The problem here is bigger than De Vries, Barr, HBGary, Anonymous or even WikiLeaks. It’s about what happens when you mine data from different sources, employ dubious assumptions, and leap to erroneous conclusions. It’s too easy to get the wrong guy. And if you think this doesn’t happen, ask Khaled Masri, a German citizen who was ‘rendered’ to Afghanistan by the CIA in 2003 and tortured for five months, based on a case of mistaken identity. Or Oregon attorney Brandon Mayfield, who was wrongly arrested for bombing a train in Madrid in 2004 and only got sprung because the Spanish police did their homework and found the actual bomber.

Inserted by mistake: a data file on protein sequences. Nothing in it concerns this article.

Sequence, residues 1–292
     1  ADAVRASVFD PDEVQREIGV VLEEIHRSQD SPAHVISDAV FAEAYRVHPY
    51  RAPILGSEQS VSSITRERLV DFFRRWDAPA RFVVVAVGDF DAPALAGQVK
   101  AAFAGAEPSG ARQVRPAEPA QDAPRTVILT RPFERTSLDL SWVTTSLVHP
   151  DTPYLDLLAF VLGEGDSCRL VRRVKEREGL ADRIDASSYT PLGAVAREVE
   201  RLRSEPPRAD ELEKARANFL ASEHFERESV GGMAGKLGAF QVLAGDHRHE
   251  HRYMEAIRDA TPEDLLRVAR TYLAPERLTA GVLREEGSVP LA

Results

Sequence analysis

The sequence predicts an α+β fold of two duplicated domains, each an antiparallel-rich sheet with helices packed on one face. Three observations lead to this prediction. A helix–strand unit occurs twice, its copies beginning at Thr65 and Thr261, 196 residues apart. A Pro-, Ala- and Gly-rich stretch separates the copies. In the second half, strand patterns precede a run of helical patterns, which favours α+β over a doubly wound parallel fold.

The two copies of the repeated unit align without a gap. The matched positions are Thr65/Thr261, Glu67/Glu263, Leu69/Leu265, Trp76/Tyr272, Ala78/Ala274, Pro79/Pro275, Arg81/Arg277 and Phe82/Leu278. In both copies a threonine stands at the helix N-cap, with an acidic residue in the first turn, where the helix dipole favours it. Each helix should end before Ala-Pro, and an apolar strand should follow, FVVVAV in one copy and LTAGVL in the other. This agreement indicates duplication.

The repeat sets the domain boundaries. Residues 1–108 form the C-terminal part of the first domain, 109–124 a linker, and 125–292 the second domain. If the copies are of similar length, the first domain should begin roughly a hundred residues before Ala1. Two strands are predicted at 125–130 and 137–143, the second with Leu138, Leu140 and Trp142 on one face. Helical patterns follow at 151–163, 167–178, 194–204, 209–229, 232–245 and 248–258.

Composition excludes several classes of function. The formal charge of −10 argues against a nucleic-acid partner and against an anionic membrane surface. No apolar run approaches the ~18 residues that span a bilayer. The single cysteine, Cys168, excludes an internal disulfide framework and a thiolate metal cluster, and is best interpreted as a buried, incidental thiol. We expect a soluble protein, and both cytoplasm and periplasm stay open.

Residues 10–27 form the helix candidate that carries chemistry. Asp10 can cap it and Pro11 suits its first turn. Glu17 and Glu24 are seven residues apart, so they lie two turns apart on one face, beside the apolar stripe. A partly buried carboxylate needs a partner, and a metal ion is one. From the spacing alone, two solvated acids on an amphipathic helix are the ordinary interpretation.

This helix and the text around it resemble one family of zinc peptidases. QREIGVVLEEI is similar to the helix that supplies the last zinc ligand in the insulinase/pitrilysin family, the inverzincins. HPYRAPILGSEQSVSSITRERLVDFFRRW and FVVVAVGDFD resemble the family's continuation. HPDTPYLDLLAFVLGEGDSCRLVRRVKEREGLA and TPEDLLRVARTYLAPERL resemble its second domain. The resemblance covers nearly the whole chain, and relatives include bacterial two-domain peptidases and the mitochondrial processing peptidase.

If you believe the NSA isn’t mining data to locate terrorist threats before they strike, you just haven’t been paying attention. If you fit the wrong profile or hit the wrong data points, you could be an innocent victim, like Masri, Mayfield, or de Vries. Let’s just hope they’re better at data mining than Aaron Barr is.
ITworld TY4NS blogger Dan Tynan is also not Commander X (in case you were wondering). Experience his juvenile sense of humor at eSarcasm (Geek Humor Gone Wild) or follow him on Twitter:@tynan_on_tech.